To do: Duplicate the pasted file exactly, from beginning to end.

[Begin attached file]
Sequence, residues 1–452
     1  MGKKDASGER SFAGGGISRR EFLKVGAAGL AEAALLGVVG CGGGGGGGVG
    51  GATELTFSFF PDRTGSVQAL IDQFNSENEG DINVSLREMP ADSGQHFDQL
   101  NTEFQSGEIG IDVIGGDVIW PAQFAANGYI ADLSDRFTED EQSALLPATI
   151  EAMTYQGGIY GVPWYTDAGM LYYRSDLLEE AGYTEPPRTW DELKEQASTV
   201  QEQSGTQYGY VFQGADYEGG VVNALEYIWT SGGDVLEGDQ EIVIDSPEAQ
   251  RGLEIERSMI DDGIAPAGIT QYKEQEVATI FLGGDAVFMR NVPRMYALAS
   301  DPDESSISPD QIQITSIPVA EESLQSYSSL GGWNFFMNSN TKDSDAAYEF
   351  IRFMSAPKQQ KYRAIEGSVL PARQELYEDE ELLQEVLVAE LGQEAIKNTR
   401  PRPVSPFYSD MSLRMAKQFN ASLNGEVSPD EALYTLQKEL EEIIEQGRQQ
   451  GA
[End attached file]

Sequence, residues 1–452
     1  MGKKDASGER SFAGGGISRR EFLKVGAAGL AEAALLGVVG CGGGGGGGVG
    51  GATELTFSFF PDRTGSVQAL IDQFNSENEG DINVSLREMP ADSGQHFDQL
   101  NTEFQSGEIG IDVIGGDVIW PAQFAANGYI ADLSDRFTED EQSALLPATI
   151  EAMTYQGGIY GVPWYTDAGM LYYRSDLLEE AGYTEPPRTW DELKEQASTV
   201  QEQSGTQYGY VFQGADYEGG VVNALEYIWT SGGDVLEGDQ EIVIDSPEAQ
   251  RGLEIERSMI DDGIAPAGIT QYKEQEVATI FLGGDAVFMR NVPRMYALAS
   301  DPDESSISPD QIQITSIPVA EESLQSYSSL GGWNFFMNSN TKDSDAAYEF
   351  IRFMSAPKQQ KYRAIEGSVL PARQELYEDE ELLQEVLVAE LGQEAIKNTR
   401  PRPVSPFYSD MSLRMAKQFN ASLNGEVSPD EALYTLQKEL EEIIEQGRQQ
   451  GA